Jitendra Moranka from Nextracker said that now is an excellent time for solar tracker providers in India, given the upward pressure on solar pricing. He added that India-specific challenges, such as land acquisition delays, hydrology and environmental impacts, a lack of skilled labor and high costs of grading, all contribute to issues, like row-to-row shading and construction variance.
The latest TrueCapture technology, continued Moranka, adapts tracking, based on machine learning, thus avoiding row-to-row shading and helping to increase yields. Particularly useful for India, which has many cloudy days, trackers using this technology detect the cloudy conditions and adopt a flat position, maximizing gains.
“Bifacial solar module pricing has started coming down, close to monocrystalline levels. Combining bifacial modules with solar trackers increases the overall gain by 8-9%. With respect to fixed-tilt, the gain increase is even higher at around 28%. Particularly, Southern India is a good market for solar trackers, where Nextracker sees 2-3 GW of potential,” Moranka told pv magazine.
Scaling up investment
To reduce the cost of debt and scale up infrastructure investment in a quest to ensure quality, Vibhuti Garg, from IEEFA, suggested using innovative financial instruments like bonds/masala bonds (green bonds), green climate funds/green banks, pension and sovereign funds (for capital recycling), the infrastructure development fund (IDF) and the Infrastructure Investment Trust (InvIT).
Falling tariffs are making earlier projects unviable, continued Vibhuti, who cautioned about reneging on existing contracts. Also, as there is risk of delivery or servicing debt obligation at very low rates, solar developers need to account for such risks appropriately in their bids.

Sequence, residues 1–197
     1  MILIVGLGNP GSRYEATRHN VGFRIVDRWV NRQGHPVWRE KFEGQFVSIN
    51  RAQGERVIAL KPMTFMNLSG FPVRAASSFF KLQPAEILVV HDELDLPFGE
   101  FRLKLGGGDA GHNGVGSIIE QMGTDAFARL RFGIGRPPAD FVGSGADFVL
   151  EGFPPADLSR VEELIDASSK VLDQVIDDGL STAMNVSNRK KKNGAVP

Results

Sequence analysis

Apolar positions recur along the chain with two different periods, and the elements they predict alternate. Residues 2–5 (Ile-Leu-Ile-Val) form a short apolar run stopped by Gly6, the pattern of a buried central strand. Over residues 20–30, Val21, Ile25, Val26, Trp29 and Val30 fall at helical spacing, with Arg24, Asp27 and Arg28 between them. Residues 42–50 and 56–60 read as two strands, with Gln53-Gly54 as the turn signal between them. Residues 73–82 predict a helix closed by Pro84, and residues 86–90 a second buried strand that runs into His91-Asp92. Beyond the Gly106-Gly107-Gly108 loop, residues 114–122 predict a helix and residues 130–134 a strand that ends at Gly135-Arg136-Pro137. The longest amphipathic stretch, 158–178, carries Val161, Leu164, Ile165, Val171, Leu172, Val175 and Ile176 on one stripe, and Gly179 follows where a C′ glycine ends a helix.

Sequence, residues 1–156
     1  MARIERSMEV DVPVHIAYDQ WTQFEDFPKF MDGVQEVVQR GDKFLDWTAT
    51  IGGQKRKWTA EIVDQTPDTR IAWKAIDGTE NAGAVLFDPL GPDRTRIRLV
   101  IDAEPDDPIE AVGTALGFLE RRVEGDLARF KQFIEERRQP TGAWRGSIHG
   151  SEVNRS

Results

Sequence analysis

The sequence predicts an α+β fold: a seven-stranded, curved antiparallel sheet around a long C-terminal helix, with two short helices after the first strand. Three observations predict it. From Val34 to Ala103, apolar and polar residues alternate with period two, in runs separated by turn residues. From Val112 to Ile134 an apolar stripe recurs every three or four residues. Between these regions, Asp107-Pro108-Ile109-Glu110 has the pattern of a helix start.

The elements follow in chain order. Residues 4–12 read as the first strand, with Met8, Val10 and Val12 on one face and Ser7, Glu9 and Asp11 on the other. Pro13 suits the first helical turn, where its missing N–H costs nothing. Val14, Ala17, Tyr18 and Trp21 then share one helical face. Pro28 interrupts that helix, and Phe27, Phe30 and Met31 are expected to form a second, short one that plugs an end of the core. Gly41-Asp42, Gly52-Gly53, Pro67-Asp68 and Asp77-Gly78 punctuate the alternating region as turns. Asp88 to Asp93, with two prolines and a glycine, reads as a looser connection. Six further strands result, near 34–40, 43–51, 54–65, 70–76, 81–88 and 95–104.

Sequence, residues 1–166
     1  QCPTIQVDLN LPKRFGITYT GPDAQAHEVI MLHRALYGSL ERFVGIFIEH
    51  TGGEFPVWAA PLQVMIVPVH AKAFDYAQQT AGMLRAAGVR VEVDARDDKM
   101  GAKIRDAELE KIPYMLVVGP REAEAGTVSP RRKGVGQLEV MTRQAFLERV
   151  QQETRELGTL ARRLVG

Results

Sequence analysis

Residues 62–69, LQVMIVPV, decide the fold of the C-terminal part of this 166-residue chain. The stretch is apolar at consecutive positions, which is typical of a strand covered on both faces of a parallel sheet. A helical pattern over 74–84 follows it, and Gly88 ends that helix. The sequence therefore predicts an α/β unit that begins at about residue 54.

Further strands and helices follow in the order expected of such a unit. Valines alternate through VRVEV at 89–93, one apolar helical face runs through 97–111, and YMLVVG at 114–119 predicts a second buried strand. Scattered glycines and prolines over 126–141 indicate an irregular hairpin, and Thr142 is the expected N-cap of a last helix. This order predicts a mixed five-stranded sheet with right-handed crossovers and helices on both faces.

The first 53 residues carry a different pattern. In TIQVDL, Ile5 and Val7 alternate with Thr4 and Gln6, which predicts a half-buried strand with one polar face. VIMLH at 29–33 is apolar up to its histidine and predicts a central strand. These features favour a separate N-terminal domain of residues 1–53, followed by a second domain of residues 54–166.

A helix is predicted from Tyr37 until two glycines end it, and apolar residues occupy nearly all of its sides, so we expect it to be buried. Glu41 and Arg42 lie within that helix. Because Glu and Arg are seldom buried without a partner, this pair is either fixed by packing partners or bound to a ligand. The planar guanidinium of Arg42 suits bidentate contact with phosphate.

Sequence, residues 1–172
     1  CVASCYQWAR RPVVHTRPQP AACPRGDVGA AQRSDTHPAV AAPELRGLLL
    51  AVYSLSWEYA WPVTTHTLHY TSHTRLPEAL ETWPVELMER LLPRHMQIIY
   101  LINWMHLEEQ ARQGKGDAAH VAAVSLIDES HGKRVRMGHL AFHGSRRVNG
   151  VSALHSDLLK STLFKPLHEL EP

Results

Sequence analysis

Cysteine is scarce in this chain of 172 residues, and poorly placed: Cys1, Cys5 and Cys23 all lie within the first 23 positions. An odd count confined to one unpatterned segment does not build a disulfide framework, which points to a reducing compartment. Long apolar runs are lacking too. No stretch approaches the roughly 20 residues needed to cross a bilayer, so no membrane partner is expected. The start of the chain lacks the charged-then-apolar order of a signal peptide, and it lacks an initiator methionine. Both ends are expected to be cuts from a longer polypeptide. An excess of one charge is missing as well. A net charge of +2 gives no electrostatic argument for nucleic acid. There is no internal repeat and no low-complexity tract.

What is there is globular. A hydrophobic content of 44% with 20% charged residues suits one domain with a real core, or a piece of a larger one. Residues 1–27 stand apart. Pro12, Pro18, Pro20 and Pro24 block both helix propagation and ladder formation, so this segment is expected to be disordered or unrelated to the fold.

Policy certainty in the long term helps to build developer and investor confidence. As such, the government should avoid policies like price caps and safeguard duties until domestic PV component manufacturing capacity is developed. He further suggested solar resource forecasting and grid integration planning as key for the Indian solar industry.
Summing up the way forward, CEA’s George Touloupous, said that quality is of paramount importance, and is a factor which cannot not be negotiated on. As such, actors in the Indian solar market must become stricter in terms of quality assurance.
Noting that responsibility for quality starts right from the tender stage, Asier Ukar said tender requirements should specify strict quality criteria across the entire value chain, with special emphasis on the long term durability of PV modules and DC cables, electromechanical installation and commissioning.
PV plants should also be designed to minimize LCOE, he said. Decisions aimed at a low initial investment provide benefits in the short term, but do not necessary lead to higher profitability. The yield simulations issued prior to financial close must be aligned with industrial best practices, in order to ensure the bankability of the project.
PV module suppliers must also provide evidence of quality, not only in regards to the basic IEC certification, but also considering Indian specific environmental stress factors. Incorporating factory audits and production supervision of PV modules as part of the tender requirements will prevent low quality modules from reaching projects.
Clear installation guidelines and a comprehensive BOM of the weather station should be another part of the tender requirements, in order to ensure a proper logging of all relevant environmental variables for an accurate performance ratio assessment. Furthermore, they must ensure that all PV plants are commissioned according to the best practices of the PV industry with regards to performance and safety, both at the system and component level. And, before starting the operational phase, the impact of the cleaning methodology on the PV module warranty must be assessed.
EPC and O&M contracts should also clearly specify performance warranties, along with the applicable pass/fail criteria, in order to reduce the risks for the solar power developers. However, for projects financed, constructed and operated by the same company, where EPC and O&M contracts may not exist, external third party inspection should be mandatory, since self-imposed quality control measures are usually not applied by the solar power developers.
The EPC must also be made liable for any installation failures; and the technical requirements for allowing a proper identification of the same must be annexed to the EPC contractors.
Finally, strong O&M reporting, including monitoring of the system availability, will contribute to accurate tracking of a PV plant’s behavior.
pv magazine also held a Quality Roundtable in Taiwan last week, the report of which will be available online shortly; and has two more planned for SPI in the United States this week, and at All Energy Australia, next week. Watch out for coverage from these quality events, and from our Future PV Roundtables, being held concurrently.
Source PV Magazine